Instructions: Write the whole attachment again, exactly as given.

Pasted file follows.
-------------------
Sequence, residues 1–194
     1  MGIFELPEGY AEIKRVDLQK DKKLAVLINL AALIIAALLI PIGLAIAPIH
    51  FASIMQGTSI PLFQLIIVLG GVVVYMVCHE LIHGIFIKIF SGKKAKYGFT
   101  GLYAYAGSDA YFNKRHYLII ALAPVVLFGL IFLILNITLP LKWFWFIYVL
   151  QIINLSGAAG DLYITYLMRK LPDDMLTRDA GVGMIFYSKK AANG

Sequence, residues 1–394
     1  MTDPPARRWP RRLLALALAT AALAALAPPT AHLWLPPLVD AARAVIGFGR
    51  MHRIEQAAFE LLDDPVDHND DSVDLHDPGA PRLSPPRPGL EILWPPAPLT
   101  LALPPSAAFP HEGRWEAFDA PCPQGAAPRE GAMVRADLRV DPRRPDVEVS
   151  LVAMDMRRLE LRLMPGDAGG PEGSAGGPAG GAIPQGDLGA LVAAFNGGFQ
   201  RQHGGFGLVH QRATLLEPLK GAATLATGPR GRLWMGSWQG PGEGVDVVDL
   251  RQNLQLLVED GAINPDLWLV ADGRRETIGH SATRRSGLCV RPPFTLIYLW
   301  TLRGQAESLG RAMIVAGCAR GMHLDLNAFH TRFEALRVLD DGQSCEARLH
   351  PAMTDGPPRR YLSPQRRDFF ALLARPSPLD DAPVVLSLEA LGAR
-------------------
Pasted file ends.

Sequence, residues 1–194
     1  MGIFELPEGY AEIKRVDLQK DKKLAVLINL AALIIAALLI PIGLAIAPIH
    51  FASIMQGTSI PLFQLIIVLG GVVVYMVCHE LIHGIFIKIF SGKKAKYGFT
   101  GLYAYAGSDA YFNKRHYLII ALAPVVLFGL IFLILNITLP LKWFWFIYVL
   151  QIINLSGAAG DLYITYLMRK LPDDMLTRDA GVGMIFYSKK AANG

Sequence, residues 1–394
     1  MTDPPARRWP RRLLALALAT AALAALAPPT AHLWLPPLVD AARAVIGFGR
    51  MHRIEQAAFE LLDDPVDHND DSVDLHDPGA PRLSPPRPGL EILWPPAPLT
   101  LALPPSAAFP HEGRWEAFDA PCPQGAAPRE GAMVRADLRV DPRRPDVEVS
   151  LVAMDMRRLE LRLMPGDAGG PEGSAGGPAG GAIPQGDLGA LVAAFNGGFQ
   201  RQHGGFGLVH QRATLLEPLK GAATLATGPR GRLWMGSWQG PGEGVDVVDL
   251  RQNLQLLVED GAINPDLWLV ADGRRETIGH SATRRSGLCV RPPFTLIYLW
   301  TLRGQAESLG RAMIVAGCAR GMHLDLNAFH TRFEALRVLD DGQSCEARLH
   351  PAMTDGPPRR YLSPQRRDFF ALLARPSPLD DAPVVLSLEA LGAR